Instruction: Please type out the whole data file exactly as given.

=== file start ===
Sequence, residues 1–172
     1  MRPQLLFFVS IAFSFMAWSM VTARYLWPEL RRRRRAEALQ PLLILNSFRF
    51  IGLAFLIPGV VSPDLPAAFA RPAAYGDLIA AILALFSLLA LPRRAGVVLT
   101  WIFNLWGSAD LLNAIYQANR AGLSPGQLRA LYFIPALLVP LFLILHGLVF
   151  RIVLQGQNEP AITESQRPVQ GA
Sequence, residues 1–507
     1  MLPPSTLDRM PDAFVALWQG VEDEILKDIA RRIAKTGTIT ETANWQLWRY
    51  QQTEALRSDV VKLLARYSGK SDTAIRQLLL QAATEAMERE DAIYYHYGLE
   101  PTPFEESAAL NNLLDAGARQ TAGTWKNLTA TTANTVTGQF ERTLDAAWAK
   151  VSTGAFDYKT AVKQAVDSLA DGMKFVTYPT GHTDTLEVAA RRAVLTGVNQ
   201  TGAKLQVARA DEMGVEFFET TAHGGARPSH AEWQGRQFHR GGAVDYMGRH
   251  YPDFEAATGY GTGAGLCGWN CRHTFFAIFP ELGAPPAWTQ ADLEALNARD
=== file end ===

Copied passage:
Sequence, residues 1–172
     1  MRPQLLFFVS IAFSFMAWSM VTARYLWPEL RRRRRAEALQ PLLILNSFRF
    51  IGLAFLIPGV VSPDLPAAFA RPAAYGDLIA AILALFSLLA LPRRAGVVLT
   101  WIFNLWGSAD LLNAIYQANR AGLSPGQLRA LYFIPALLVP LFLILHGLVF
   151  RIVLQGQNEP AITESQRPVQ GA
Sequence, residues 1–507
     1  MLPPSTLDRM PDAFVALWQG VEDEILKDIA RRIAKTGTIT ETANWQLWRY
    51  QQTEALRSDV VKLLARYSGK SDTAIRQLLL QAATEAMERE DAIYYHYGLE
   101  PTPFEESAAL NNLLDAGARQ TAGTWKNLTA TTANTVTGQF ERTLDAAWAK
   151  VSTGAFDYKT AVKQAVDSLA DGMKFVTYPT GHTDTLEVAA RRAVLTGVNQ
   201  TGAKLQVARA DEMGVEFFET TAHGGARPSH AEWQGRQFHR GGAVDYMGRH
   251  YPDFEAATGY GTGAGLCGWN CRHTFFAIFP ELGAPPAWTQ ADLEALNARD